It can take a while for a girl's menstrual cycle to settle into something regular. Most of the time, if periods aren't regular it's because a girl's body is still developing. It might be confusing or annoying, but it's totally normal.
Sometimes, though, changes in blood flow can be a sign that something more serious might be going on.
What Is Dysfunctional Uterine Bleeding?
When a girl's period is irregular, doctors may diagnose her with something called dysfunctional uterine bleeding (DUB). DUB can cause periods that last longer or have more bleeding than normal.
DUB isn't usually a problem on its own. In fact, doctors often don't do anything to treat mild cases. But DUB can affect the health of some girls. The most common worry is that a girl might develop if she's bleeding more than she should.
What Causes It?
Most of the time, DUB happens because of changes in the body's hormone levels. For teen girls, one of the most common causes of hormonal changes is when the body doesn't release an egg from one of the ovaries. Doctors call this anovulation.
Anovulation is most likely to happen after a girl first starts getting her period because her ovaries aren't fully developed yet. It can last for several years until her periods become regular.
In a normal menstrual cycle, the hormone estrogen signals the uterus to grow a lining of blood and tissue. The lining is the body's way of preparing for pregnancy: If an egg that gets released during is fertilized by sperm, it travels to the uterus and attaches to this cushiony lining. There it develops into a baby. If the egg isn't fertilized, this extra tissue leaves the uterus in the form of a period (menstruation).
To prevent the lining from building up too much, the hormone progesterone signals the body to stop the process.
If the body doesn't release an egg, it also doesn't make the progesterone needed to stop too much extra blood and tissue from building up. So when the lining is shed (or when it builds up so much that it just starts to fall apart), a girl can have more than normal amounts of bleeding. This heavier bleeding can happen either during her period or in between periods.
Every woman has a heavy period from time to time. How do you know if it's dysfunctional uterine bleeding? Only a doctor can tell for sure, but there are some signs that bleeding might not be normal.
One thing that can alert you to problems is the 1-10-20 test:
You use more than 1 sanitary pad or tampon per hour.
Your period lasts more than 10 days.
There have been fewer than 20 days between your periods.
If you notice any of these three things, call your doctor.
On the flip side, if your period stops for more than 3 months, talk to your doctor about that, too. Even if you're not bleeding, the lining of the uterus can continue to build up. Eventually it will need to flow out.
How Is DUB Diagnosed?
Hormones aren't the only cause of abnormal bleeding. So a doctor will want to rule out other health problems before deciding on a diagnosis of DUB. Sometimes, what may seem like DUB can be a clue that a girl has another health condition. For example, doctors sometimes find out that a girl with heavy periods has a bleeding disorder like von Willebrand disease.
To diagnose DUB, doctors will ask questions about things like periods and other bleeding problems. Expect your doctor to ask for the date of your last period.
A doctor also might ask questions that don't seem connected to bleeding — like about recent weight changes or if a girl has ever had sex. That's because conditions like polycystic ovary syndrome and some STDs can cause abnormal bleeding. If they're not treated, they may lead to more serious health issues, like infertility.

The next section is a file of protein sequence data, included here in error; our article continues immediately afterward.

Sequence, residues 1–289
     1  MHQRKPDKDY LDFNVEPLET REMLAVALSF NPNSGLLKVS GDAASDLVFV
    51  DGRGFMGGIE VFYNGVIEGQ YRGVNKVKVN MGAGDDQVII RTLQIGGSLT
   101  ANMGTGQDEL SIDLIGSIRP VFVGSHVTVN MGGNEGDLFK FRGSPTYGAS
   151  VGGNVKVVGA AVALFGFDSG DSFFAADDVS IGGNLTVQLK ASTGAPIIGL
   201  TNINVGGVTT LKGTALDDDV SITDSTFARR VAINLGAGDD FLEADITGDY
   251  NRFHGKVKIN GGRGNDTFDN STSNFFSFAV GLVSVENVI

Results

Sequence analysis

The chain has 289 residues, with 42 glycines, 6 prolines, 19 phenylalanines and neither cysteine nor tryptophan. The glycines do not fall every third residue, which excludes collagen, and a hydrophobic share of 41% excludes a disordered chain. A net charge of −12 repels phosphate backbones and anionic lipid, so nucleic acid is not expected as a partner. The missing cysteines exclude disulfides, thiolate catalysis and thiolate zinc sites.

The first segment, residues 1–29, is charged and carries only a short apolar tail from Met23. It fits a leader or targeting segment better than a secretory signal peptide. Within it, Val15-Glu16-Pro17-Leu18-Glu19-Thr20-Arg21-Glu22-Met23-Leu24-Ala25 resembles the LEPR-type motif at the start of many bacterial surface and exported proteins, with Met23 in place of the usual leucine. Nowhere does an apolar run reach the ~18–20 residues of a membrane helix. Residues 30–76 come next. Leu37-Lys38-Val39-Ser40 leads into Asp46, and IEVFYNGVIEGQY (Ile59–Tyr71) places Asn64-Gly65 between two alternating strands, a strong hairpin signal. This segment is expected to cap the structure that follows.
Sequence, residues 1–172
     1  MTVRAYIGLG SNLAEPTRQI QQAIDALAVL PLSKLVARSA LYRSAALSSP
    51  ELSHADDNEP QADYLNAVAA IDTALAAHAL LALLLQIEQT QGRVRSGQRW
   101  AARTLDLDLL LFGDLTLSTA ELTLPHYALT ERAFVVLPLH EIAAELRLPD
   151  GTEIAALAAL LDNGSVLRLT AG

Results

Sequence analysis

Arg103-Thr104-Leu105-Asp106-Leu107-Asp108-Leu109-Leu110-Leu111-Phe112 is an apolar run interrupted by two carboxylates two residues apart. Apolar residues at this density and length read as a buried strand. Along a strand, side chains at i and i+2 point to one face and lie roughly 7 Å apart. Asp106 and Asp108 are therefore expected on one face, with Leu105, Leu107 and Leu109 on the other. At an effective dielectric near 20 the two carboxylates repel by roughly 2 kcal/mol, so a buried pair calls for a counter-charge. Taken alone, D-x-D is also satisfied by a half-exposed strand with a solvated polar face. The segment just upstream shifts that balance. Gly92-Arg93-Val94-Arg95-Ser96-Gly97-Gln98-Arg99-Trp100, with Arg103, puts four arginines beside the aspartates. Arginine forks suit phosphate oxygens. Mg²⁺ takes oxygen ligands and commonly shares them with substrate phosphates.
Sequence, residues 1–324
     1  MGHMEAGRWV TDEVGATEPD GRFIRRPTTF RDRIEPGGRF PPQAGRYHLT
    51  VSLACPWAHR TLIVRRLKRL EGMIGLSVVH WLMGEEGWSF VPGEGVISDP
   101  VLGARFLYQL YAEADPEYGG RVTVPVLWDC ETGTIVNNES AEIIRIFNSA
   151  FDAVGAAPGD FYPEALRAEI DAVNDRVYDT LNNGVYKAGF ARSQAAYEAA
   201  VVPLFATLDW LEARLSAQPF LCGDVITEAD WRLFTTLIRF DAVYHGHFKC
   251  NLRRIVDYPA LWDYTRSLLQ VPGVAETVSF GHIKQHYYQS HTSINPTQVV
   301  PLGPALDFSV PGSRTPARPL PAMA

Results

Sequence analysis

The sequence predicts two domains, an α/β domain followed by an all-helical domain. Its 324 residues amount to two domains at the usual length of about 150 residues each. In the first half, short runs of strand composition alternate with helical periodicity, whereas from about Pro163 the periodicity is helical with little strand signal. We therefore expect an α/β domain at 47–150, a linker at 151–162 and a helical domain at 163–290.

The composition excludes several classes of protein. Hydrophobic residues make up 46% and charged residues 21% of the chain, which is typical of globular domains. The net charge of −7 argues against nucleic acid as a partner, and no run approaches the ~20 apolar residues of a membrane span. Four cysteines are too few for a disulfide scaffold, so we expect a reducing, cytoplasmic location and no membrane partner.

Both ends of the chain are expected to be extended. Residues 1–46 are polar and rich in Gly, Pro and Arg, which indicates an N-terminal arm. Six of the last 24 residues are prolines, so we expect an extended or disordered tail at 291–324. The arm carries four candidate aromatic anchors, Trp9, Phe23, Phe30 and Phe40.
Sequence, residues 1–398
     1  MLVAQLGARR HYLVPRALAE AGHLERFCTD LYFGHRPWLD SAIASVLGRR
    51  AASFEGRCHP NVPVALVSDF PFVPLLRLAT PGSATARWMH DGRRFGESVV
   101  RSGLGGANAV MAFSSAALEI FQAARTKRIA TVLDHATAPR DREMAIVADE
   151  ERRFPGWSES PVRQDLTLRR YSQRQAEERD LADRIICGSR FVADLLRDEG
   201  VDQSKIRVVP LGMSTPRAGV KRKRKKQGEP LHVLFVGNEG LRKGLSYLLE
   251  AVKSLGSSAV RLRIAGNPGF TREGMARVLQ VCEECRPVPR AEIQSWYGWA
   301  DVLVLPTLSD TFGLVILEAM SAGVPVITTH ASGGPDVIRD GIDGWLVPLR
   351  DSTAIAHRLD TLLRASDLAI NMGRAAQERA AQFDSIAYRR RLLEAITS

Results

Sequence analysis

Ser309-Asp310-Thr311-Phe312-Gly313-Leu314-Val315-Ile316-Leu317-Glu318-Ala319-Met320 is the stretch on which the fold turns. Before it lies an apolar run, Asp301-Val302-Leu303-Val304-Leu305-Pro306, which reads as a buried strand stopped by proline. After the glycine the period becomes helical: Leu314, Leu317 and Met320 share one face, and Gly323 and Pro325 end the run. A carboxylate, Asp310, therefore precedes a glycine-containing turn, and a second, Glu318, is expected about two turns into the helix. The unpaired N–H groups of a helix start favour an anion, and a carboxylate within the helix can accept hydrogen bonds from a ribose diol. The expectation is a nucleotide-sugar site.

Girls who have had sex and miss a period need to see the doctor. Missed periods could be a sign of pregnancy as well as a sign of DUB. If you have heavy bleeding or bleeding between periods, it could be DUB, but an STD or a problem related to pregnancy also could be the cause. For example, an ectopic pregnancy (when a pregnancy implants someplace other than the uterus) can cause bleeding, and can be life threatening.
When DUB is suspected, the doctor probably will do a physical exam and possibly a pelvic exam. Sometimes doctors order blood tests or ultrasound exams to help find the cause of the symptoms. Blood tests also can indicate if a girl has anemia (fewer red blood cells than normal).
Treatment will depend on the severity of DUB a girl has, which is determined by levels (which doctors use to diagnose anemia):
Mild cases = a hemoglobin level of 12 or higher. A girl with a mild case of DUB is not considered anemic, and her doctor probably will tell her to keep track of her periods for a couple of months. The doctor might recommend ibuprofen or another nonsteroidal anti-inflammatory drug (NSAID) to decrease blood loss and ease pain from cramps. The doctor also might suggest taking a multivitamin with iron.
Moderate cases =a hemoglobin level between 10 and 12. Girls with this hemoglobin level are anemic, so doctors usually recommend hormonal treatment, most often in the form of birth control pills. Doctors usually tell them to take the pills multiple times a day in the beginning and then taper down to kick the menstrual cycle back into gear. A girl also will be given iron pills.
Severe cases =a hemoglobin level below 10. Someone with a severe case bleeds heavily and may faint, feel dizzy, look pale, and have low blood pressure or a high heart rate. In severe cases, a girl might be hospitalized and given a blood transfusion. Most cases of DUB are not severe. A high percentage of severe cases involve an underlying bleeding disorder.
Most girls just need time for their bodies to adjust to their hormones during their teens, and eventually their menstrual cycles get regular naturally. If you have any concerns that your period might not be normal, talk to your doctor.